Macropolitan came out from nowhere last year, and is now a key part of moves to get a mobile WiMax network up and running in the UK. We spoke to its head, Ryan Jarvis, a former BT executive and veteran of Wi-Fi hotspots.
A group led by Urban WiMax and backed by Nortel, is planning to demonstrate mobile WiMax services this year, and bid for spectrum in Ofcom's planned auction of 2.5GHz spectrum next year. Its network plans include antennas on more than 9000 rooftops - and Jarvis' company is the one providing those rooftops.
Macropolitan aggregatesThe company has deals which let it negotiate rooftop access deals for a group of property owners including gyms and hotel chains. It is technology neutral, so it can work with 3G, WiMax or any other technology that comes along.
Jarvis set Macropolitan up last May, after leaving BT where, as head of convergence he set up the Fusion convergence effort and launched the FMCA. Neither of those have set the world on fire however - Macropolitan is really a return to his previous success in Wi-Fi hotspots, where he built and sold hotspot operator Megabeam, which became the core of Swisscom's Eurospot Wi-Fi business.
"Hotspots were the first businesses that bought telecom revenue to property owners," says Jarvis. He's still mediating between property owners and the telecoms world - and working with some of the same property owners, but he's gone up in the lift from the lobby to the roof. "Without us, the operators talk the wrong language," he says. "We are the intermediary between the property owner and the telecoms world, so operators don't end up dealing with the underlying landlord."
It's a small world - the other comparable company is Arquiva, formerly NTL Broadcast, which mostly owns towers outside cities, and is in the process of merging with rival National Grid Wireless.
If Macropolitan is really technology neutral, why back WiMax like this? "We act in the best interests of property owners," says Jarvis. "We want multiple technologies and multiple operators per roof. We'd like DVB-H and 3G and Wimax on same roof - that would mean multiple revenue streams for landlords."
It's not a question of technology I prefer," says Jarvis. "Property owners think in terms of ten to 25 year contracts - three will be 3G, WiMax and successors to WiMax during the lifetime of those contracts." He does say that WiMax was central to his decision to start Macropolitan, though.
3G deployment is more or less done - Macropolitan has several thousand requests from mobile operators, he says, but it's infill. Mobile WiMax is exciting by contrast: "It's a greenfield deployment, there will be thousands of sites per operator per annum." It will all be backed by venture capital, too.
By bundling and pre-signing 9300 sites in one go (at a price Jarvis won't disclose) Macropolitan gives Urban Wimax a chance to do its budgets, and deploy fast when (or if) it gets its spectrum. Individual acquisitions would take longer and add uncertainty to the business plan: "We can press the trigger when the spectrum is bought."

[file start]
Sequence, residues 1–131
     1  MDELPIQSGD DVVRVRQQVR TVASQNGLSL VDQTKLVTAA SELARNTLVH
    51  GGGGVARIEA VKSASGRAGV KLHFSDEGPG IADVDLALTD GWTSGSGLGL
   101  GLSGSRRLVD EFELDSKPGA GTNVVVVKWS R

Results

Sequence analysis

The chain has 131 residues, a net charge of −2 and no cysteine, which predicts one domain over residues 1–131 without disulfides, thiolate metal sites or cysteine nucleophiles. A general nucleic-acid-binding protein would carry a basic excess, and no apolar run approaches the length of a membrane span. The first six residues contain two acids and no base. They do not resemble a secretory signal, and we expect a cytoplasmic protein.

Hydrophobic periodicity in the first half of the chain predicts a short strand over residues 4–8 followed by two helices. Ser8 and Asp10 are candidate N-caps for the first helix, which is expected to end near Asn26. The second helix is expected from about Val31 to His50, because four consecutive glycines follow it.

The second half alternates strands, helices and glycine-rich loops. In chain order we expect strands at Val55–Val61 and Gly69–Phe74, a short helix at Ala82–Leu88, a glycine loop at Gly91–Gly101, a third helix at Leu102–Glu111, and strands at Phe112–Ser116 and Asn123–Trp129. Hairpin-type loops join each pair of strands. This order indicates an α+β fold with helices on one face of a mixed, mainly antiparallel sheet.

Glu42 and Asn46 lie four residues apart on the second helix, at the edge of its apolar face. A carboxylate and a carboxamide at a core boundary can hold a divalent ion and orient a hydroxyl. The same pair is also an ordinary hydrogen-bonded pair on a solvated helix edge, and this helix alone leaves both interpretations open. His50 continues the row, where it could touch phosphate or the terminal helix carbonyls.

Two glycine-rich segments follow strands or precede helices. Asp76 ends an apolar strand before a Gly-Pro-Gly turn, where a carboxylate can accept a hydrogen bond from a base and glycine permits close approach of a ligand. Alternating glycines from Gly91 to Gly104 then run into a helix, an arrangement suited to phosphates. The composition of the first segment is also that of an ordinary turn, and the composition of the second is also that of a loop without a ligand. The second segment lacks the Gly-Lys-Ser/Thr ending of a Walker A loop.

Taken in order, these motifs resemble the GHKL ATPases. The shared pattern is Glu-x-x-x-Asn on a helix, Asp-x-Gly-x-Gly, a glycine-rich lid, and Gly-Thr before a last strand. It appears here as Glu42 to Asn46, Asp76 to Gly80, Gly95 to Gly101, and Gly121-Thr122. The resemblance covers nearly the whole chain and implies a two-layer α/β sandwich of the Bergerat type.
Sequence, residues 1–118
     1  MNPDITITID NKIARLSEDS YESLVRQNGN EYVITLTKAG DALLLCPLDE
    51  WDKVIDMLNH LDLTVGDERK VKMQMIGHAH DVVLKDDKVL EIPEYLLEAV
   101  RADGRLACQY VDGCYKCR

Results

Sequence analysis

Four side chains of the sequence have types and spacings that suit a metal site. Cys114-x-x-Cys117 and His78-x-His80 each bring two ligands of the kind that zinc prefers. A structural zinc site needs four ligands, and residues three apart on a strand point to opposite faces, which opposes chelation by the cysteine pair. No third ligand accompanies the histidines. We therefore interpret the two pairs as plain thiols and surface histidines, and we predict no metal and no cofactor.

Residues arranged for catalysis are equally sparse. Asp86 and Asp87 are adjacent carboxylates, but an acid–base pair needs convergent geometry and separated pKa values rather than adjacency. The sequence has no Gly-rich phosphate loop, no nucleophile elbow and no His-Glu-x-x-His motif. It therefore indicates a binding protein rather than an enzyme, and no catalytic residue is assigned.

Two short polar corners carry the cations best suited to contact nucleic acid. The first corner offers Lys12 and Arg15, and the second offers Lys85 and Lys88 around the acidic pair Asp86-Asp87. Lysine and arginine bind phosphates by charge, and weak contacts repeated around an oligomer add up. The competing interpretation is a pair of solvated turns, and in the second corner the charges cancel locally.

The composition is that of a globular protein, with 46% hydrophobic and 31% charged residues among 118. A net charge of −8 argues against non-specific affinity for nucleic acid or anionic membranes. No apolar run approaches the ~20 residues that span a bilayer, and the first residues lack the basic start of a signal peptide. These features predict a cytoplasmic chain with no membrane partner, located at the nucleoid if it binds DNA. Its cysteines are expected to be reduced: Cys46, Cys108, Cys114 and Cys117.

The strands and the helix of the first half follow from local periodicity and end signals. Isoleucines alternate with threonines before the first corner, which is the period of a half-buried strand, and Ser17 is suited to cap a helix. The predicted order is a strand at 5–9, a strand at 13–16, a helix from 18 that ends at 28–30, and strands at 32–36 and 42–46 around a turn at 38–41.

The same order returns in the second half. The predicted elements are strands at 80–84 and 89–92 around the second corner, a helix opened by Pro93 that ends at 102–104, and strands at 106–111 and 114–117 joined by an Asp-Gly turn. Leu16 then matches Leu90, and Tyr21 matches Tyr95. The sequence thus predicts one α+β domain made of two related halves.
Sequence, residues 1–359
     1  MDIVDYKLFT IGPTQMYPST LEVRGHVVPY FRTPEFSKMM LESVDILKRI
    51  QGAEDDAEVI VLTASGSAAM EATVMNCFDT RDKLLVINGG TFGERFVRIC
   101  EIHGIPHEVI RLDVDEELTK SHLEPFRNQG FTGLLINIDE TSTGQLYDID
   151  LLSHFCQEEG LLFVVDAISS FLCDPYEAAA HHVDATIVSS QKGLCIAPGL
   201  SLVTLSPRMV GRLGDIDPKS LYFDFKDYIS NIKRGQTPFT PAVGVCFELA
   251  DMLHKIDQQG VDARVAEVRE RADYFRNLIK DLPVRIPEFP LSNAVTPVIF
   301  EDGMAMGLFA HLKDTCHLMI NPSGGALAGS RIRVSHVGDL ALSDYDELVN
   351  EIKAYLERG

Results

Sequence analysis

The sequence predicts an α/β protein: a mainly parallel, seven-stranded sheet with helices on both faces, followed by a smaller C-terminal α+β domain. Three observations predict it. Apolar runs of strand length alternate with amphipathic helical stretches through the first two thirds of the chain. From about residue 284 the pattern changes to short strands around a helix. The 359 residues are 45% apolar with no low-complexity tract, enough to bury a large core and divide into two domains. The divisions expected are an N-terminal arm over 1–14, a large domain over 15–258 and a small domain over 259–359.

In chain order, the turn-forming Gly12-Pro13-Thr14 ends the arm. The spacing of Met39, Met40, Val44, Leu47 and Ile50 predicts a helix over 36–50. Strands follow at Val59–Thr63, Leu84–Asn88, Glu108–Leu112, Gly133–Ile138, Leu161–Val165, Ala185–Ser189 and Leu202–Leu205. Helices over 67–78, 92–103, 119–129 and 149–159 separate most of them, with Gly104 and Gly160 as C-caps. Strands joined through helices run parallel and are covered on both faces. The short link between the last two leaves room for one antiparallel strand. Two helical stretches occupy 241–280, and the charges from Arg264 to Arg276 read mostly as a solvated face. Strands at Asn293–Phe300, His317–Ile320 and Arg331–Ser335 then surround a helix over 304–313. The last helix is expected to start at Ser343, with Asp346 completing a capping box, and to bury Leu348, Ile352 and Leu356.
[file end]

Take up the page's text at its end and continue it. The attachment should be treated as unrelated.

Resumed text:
Within WiMax, Macropolitan is also not exclusively tied to Urban. It has another agreement with Alcatel-Lucent that could lead to other networks, and two more global vendors that are not yet announced.
3G: Striking back?
But does Urban run the risk that this will raise the stakes at the auctions, by playing its hand so early? Jarvis is sanguine about the possibility of operators buying spectrum as a protectionist measure: "One should never rule out the possibility that mobile operators might actually embrace WiMax. It's not mutually exclusive."
Large WiMax projects like Sprint Nextel in the US, and Rogers and Bell Canada in Canada are backed by operators with mobile spectrum, and Vodafone is a shareholder in companies doing WiMax in Bahrain and Malta, says Jarvis.
"3G is voice optimised and there's a vast array of handsets, while WiMax is IP optimized and, in Sprint's case, delivered to PCs," says Jarvis. "Cellular is built round people and phones, while WiMax users don't even have to be human beings - a lot of it will be machine to machine," he says, suggesting sensor networks and CCTV cameras in fire engines."
WiMax might cannibalise the 3G data business that operators are building up, but that might be to their benefit it WiMax is cheaper to provide because it is IP optimised, says Jarvis.
Whither Muni Wi-Fi?
Jarvis is diplomatic about a group of networks that might be competition, and might be customers: "Municipal Wi-Fi, backed by local authorities, tends to be low-rent," he says, meaning the network pays small rents for nodes at streetlight level. The network has a lower revenue potential, and the business case needs subsidy from the authority, acting as an anchor tenant.
Some of these networks, frustrated with the difficulties of dealing with separate local councils, will come to Macropolitan, he says. Others may use them for backhaul. Others may simply throw in the towel and use commercial WiMax services. Some are already using WiMax-like equipment in licence-exempt or light-licensed spectrum, but all use Wi-Fi for access. "Most Muni Wi-Fi is based on the hotspot model, and that is here to stay," says Jarvis - but in 2007, he's not betting his company on serving that market.
He also doesn't deal with an organisation you might expect to be significant - the Church of England, with spires and steeples all over the country. That job is too specialist, as masts on or inside church buildings fall under ecclesiastical rules, and the buildings are usually listed for preservation. The whole business is also always under threat due to concerns about morality.
"That's not a rapid route to a site," says Jarvis. "In most towns there are higher buildings with flatter roofs and operators are in a hurry." Somewhat thankfully, he points to the church's approved mast manager, QS4, with whom Macropolitan shares an investor, Consensus.